SEPT. 29 6 P.M. CT
Artemis I: The Orion Spacecraft, presented by UTMB
NASA’s Orion spacecraft is built to take humans farther than they’ve ever gone before. Orion will serve as the exploration vehicle that will carry the crew to space, provide emergency abort capability, sustain the crew during the space travel, and provide safe re-entry from deep space return velocities. Orion will launch atop NASA’s rocket, the Space Launch System.
On the first integrated mission, Artemis I, an uncrewed Orion will venture thousands of miles beyond the Moon over the course of about six weeks. The mission will pave the way for flights with astronauts beginning with Artemis II.
Learn about the spacecraft, the research aboard Orion and how it’s supporting our return to the Moon and beyond in our September Thought Leader Series “Artemis I: The Orion Spacecraft,” presented by the University of Texas Medical Branch.
About the panel
Panelists from this discussion include Robert Hanley, technical assistant, Vehicle Integration Office, NASA Johnson Space Center; Jeff Fox, chief engineer, Astronaut Office/Rapid Prototyping Lab, NASA Johnson Space Center; and Rosemary Sargent, Orion Artemis II mission manager, Lockheed Martin Space.
Robert Hanley is the technical assistant for the Vehicle Integration Office in the Orion Program. Hanley provides technical management support of the Orion Mission Evaluation Room, called the “MER”, for Artemis I. The MER provides highly specialized engineering support for any problems that may arise during the flight from launch to splashdown. Hanley also supports flight crew systems integration and human rating certification for future missions, including Artemis II, that will have astronauts onboard. Hanley has been at NASA’s Johnson Space Center since 1987 working with the space shuttle, International Space Station, and Gateway programs. He earned a bachelor’s degree in Aerospace Engineering from Texas A&M University in College Station, Texas.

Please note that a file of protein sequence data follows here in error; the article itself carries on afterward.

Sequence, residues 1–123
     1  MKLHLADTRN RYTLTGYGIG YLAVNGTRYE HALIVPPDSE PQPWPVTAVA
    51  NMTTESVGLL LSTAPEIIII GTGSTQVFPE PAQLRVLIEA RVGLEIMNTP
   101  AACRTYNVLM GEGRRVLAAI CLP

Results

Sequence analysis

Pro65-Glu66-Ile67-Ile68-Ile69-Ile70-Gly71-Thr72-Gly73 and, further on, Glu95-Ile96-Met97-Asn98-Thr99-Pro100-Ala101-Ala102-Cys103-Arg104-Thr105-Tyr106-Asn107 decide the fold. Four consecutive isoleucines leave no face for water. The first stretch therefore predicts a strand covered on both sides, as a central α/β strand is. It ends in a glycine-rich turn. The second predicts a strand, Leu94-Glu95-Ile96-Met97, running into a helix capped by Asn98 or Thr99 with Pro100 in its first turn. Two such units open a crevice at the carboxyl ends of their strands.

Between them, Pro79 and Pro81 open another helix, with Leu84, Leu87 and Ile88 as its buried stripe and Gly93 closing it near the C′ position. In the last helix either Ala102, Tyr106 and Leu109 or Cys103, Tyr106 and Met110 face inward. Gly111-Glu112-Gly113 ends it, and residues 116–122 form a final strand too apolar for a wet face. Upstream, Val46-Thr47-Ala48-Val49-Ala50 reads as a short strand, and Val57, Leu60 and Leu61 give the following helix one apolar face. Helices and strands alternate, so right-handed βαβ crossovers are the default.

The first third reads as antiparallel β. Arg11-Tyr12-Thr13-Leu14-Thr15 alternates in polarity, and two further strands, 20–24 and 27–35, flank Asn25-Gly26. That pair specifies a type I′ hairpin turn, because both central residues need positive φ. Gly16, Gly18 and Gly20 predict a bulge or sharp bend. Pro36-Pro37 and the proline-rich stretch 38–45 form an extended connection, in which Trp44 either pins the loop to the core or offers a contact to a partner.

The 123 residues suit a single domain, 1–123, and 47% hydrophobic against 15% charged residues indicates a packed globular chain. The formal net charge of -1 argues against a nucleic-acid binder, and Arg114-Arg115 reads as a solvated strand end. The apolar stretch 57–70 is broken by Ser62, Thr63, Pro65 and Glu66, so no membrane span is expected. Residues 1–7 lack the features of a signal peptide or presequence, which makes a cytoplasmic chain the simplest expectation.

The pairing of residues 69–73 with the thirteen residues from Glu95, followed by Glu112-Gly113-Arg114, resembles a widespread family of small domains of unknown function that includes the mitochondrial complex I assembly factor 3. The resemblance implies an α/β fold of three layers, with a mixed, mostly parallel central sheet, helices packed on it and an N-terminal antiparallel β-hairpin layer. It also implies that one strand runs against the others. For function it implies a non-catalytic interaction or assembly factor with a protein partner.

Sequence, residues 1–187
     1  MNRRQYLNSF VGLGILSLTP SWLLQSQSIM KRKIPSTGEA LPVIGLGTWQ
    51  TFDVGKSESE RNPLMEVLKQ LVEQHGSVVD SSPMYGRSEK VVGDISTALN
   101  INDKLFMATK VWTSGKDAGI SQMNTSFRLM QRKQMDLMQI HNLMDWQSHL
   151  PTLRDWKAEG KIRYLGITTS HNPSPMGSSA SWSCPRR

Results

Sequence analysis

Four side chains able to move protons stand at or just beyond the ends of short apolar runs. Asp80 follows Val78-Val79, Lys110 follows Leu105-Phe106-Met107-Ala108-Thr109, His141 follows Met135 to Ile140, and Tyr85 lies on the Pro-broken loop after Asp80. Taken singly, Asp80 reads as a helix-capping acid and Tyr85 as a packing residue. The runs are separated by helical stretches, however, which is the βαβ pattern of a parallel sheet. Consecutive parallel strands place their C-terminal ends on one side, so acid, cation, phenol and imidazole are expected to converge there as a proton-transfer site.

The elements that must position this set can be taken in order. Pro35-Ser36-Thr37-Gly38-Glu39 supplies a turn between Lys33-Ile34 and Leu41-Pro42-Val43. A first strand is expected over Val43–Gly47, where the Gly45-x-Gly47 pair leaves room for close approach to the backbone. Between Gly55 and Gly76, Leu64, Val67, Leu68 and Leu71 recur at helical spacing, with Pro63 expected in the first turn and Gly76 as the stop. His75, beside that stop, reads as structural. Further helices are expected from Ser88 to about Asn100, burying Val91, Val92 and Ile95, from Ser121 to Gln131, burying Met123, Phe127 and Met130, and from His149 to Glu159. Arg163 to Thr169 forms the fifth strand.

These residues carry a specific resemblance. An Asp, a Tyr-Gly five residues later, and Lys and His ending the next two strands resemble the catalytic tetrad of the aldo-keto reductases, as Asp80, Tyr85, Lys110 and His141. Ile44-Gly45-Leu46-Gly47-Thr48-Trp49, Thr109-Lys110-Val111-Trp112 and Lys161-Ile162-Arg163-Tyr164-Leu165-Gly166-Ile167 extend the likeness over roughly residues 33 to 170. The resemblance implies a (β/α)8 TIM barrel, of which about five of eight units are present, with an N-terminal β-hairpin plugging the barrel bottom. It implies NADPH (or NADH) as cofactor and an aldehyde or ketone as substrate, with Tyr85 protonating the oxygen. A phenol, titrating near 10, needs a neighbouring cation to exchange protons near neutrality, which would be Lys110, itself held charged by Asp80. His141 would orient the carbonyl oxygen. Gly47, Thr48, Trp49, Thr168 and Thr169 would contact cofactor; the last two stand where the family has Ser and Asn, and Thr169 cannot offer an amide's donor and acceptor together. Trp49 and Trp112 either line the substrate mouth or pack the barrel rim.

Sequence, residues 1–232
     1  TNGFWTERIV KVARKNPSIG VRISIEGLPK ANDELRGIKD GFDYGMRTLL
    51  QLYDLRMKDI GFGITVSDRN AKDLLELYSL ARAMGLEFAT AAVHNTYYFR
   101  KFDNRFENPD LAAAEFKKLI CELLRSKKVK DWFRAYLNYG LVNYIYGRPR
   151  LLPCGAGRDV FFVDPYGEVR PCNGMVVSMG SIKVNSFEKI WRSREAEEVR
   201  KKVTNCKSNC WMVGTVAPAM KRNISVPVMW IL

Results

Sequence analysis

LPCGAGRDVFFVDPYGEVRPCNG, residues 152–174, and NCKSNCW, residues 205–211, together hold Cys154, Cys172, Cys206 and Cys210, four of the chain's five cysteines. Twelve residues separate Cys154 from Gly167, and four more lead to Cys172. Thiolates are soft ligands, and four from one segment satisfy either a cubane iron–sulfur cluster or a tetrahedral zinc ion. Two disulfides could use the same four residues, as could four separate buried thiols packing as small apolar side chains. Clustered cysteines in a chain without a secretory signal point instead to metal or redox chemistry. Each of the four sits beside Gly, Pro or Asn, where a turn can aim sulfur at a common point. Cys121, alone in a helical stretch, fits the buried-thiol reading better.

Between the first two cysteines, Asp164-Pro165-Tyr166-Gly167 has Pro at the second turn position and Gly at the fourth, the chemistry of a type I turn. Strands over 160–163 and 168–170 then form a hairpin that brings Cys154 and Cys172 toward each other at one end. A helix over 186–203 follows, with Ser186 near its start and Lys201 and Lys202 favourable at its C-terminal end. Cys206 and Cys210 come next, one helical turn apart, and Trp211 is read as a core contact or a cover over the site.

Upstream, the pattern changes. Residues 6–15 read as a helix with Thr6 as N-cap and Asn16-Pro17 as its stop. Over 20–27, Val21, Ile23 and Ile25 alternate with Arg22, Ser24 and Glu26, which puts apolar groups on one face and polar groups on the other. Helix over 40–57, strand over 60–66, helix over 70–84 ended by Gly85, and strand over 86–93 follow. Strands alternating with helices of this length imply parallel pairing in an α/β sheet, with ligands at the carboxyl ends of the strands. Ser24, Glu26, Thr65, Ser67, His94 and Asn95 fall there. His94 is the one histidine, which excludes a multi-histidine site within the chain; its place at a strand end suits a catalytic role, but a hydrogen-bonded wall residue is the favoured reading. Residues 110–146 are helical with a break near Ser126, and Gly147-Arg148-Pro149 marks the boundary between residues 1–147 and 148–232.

Jeff Fox is a chief engineer in the Astronaut Office/Rapid Prototyping Lab at NASA Johnson Space Center. He is part of a long line of family who have worked at NASA, father, mother, sister, brother-in-law and nephew. He began his career at NASA in 1984 after graduating from Texas A&M University with a degree in Industrial Engineering. He led a flight demonstration with the FAA testing augmented reality concepts aboard the Challenger 604 Flight Inspection aircraft. Fox served as the Orion Cockpit Deputy for several years, leading initial development of several early mockups and testing. He began his present position with the Rapid Prototyping Lab (RPL) designing cockpit display and control interfaces for the Orion, Gateway, and several Human Lander System teams. He championed the creation of a parachute Debris Monitoring Tool used in flight aboard U.S. Army Blackhawk helicopters during Orion parachute testing at the U.S. Army Yuma Proving Ground, AZ. The tool was also used on board a U.S. Navy Seahawk helicopter over the Pacific Ocean during Orion Exploration Flight Test 1 (EFT-1) from the spacecraft parachute deploy to splashdown recovery sequence; preparations are underway to do the same for Artemis I.
Rosemary Sargent is the Orion Artemis II mission manager for Lockheed Martin Space. In this role, she is responsible for all aspects of mission-specific planning, integration, and execution for the first crewed Artemis spacecraft. She serves as the primary Lockheed Martin customer interface to the NASA mission/vehicle manager and partners with the NASA vehicle manager to ensure mission success for the entire assembly, test, launch and integration phase through flight, crew module recovery, and post-flight analysis. Sargent graduated with honors from the University Scholars Program at Pennsylvania State University with a bachelor of science degree in Electrical Engineering and received her masters of business administration degree in Management and Organizational Behavior from Loyola Marymount University in Los Angeles, California.